Most dogs love chewing on things. Some dogs, especially younger dogs and puppies, don’t always have an easy time determining what is safe to chew and what isn’t. While nothing is a substitute for constant and dedicated supervision, a crate can be an easy and stress free way for your dog to be limited to playing with more appropriate toys and chews when left unattended. This is an especially useful technique for people with puppies who find themselves often waking to chewed shoes, purses or furniture.
Dog Crates Can Help With Injury Recovery & Post Surgery Care
In instances where your dog has received surgery or injured itself, a crate can make it much easier to limit your dogs mobility and reduce the risk of re-injuring a healing wound. This is especially true for moments when you may be unable to directly monitor your dog (ie. while sleeping, running errands, showering, etc.) and in instances where another pet (especially puppies) or younger family member might not be able to understand that your injured or sick dog might not be up for more physical or aggressive play.
Transport Dog Crates And Kennels
Traveling with your dog can be an amazing experience. But if you don’t plan accordingly, it can be more stressful than it needs to be – both for you and your dog. Bringing a dog crate checks a lot of boxes on most trip check lists. A travel crate is required by most airlines before they will allow passengers to bring their non-service animal pets aboard, regardless of whether your dog is traveling in the cabin or in the cargo hold.
It can help minimize a dogs stress and anxiety by providing them with a familiar and comforting piece of home with them regardless of where their adventures might take them. And if you must venture outside of your hotel room without your dog, a crate can be a great to help prevent your dog from accidentally racking up a serious bill at the mini bar.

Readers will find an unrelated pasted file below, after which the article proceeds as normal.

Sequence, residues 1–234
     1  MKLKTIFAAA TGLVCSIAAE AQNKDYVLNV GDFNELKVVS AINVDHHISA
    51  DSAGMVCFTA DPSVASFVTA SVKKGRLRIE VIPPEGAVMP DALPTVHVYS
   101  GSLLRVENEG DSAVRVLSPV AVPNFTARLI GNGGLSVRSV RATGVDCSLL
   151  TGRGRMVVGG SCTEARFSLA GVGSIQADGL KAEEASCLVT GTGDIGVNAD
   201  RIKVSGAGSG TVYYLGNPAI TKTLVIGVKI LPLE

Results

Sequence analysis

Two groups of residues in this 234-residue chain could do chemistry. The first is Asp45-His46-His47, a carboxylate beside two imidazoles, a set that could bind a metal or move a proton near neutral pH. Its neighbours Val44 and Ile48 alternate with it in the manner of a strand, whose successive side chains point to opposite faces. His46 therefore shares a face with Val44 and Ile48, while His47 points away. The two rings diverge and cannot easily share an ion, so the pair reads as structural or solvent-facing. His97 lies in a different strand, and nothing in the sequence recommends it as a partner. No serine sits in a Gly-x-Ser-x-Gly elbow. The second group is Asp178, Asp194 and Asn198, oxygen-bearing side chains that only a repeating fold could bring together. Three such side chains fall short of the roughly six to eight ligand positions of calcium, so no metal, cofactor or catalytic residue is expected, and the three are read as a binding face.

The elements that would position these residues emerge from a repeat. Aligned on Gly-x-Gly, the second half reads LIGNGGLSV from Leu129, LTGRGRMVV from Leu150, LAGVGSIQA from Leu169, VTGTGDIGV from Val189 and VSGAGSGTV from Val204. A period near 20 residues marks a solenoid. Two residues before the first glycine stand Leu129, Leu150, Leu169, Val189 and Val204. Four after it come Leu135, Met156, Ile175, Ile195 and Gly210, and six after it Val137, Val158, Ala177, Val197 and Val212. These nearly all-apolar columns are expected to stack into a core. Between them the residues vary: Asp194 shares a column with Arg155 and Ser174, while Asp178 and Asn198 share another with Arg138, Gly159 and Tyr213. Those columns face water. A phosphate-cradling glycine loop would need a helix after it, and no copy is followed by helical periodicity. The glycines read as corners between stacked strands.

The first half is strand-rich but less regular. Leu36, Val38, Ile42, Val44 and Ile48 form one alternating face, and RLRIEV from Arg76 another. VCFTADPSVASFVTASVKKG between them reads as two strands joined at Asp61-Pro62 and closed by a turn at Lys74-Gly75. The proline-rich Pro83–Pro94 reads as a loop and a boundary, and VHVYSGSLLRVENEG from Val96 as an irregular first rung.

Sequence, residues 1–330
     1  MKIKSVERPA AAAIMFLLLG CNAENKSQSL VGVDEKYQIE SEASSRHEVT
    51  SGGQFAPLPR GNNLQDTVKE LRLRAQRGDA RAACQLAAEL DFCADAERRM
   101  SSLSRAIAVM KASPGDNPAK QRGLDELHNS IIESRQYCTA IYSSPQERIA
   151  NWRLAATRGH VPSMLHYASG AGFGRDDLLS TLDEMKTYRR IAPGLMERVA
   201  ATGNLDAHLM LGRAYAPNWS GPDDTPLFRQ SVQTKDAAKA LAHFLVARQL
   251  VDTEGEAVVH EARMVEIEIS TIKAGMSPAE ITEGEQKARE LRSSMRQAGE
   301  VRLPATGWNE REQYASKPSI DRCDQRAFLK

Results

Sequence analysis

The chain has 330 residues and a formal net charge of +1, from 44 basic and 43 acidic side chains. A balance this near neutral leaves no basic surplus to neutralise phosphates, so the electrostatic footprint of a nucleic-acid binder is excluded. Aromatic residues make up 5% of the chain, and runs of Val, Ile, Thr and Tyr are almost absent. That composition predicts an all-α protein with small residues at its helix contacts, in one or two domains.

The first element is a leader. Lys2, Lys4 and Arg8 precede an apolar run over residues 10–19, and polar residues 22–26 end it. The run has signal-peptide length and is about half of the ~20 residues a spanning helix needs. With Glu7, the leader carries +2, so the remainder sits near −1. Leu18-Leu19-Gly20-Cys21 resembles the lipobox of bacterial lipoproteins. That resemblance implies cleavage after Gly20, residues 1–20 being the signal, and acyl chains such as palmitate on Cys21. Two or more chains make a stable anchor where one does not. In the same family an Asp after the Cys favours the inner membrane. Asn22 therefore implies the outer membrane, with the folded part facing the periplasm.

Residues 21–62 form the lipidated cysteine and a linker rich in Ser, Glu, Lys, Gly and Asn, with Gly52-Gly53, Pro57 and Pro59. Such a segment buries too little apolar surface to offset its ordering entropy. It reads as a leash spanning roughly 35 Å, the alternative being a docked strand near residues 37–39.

PRO TRAVELING TIP: There are 65 Kimpton Hotels spread out in cities across the United States of America. All Kimpton Hotels are dog friendly and they welcome dogs of all breeds, ages and sizes. Seriously – we photographed a 125 lb Pit Bull / Mastiff mix foster at the Hotel Monaco Baltimore for a product shoot and they didn’t even blink when we walked her in.
5 Safety Tips for Traveling in a Car with a Dog Crate:
- Leave plenty of space around your dog’s crate at all times.
- Make sure fresh air can easily flow in and around your dog’s crate.
- Securely attach the crate to the floor or buckle it snuggly into a seat.
- Check all locks and latches to make sure your dog remains safe and secure in their crate.
- NEVER leave your dog in a parked car unattended. Even with the windows open, a parked car can heat up to extreme temperatures quickly.
Flying With Your Dog? Get an IATA Compliant Crate
Most commercial airlines require that all dogs be transported in an International Air Transport Association (IATA) compliant pet crate. These restrictions do not for animals carried in the passenger cabine.
Minimum IATA Requirements:
- Must be large enough for the animal(s) to stand, turn around and lie down in.
- Must be made of a sturdy plastic.
- Must have a secure, spring loaded, all around locking system with the pins extending beyond the horizontal extrusions above and below the door.
- Must have both water and food bowls attached to the inside of the front door and be refillable from the outside without opening the door.
- Must have ventilation on all sides for international travel and 3 sides for domestic travel.
- Must have “Live Animal” stickers on the top and sides in letters at least 1″ tall.
- Wheels must be removed or taped securely to prevent rolling.
- Must be identified with the pet’s name and the owner’s contact information.
Choosing the Right Size Dog Crate
It is not unusual for a dog to spend a few hours in a dog crate at a time. Size can be an important factor to consider when selecting a dog crate to help ensure your dogs comfort. You want to find a crate large enough that there is plenty of ventilation, the dog can turn around comfortably while standing (roughly 3 – 4 inches above their standing head height) and still feel protected.
But you don’t want to purchase a crate so small that your dog feels trapped or a crate so huge that it no longer feels like a den. In metaphorical terms, you’re looking for a comfort blanket, not a straight jacket or a tent – something snug enough that they know it’s there, but not constraining.
Which is Better – Wire or Plastic Crates?
A lot of dog owners swear by metal wire crates, as they allow maximum air flow, are collapsable and in turn are easier to store and move (especially in larger sizes).
That said, personally I’ve always preferred hard plastic dog crates. Plastic dog crates provide enough air flow that dogs can breathe easy enough, but they also do a fair job retaining heat and providing a comfier, more snuggly environment than their wire counterparts.
A plastic crate is also less likely to rust or have hard edges that might catch a dog’s toe nails or collar. But at the end of the day it all really just comes down to personal preference and even then, those aren’t your only two material options. There are a number of fantastic designer crates on the market made from wood and other fine materials, that look more like furniture than dog products.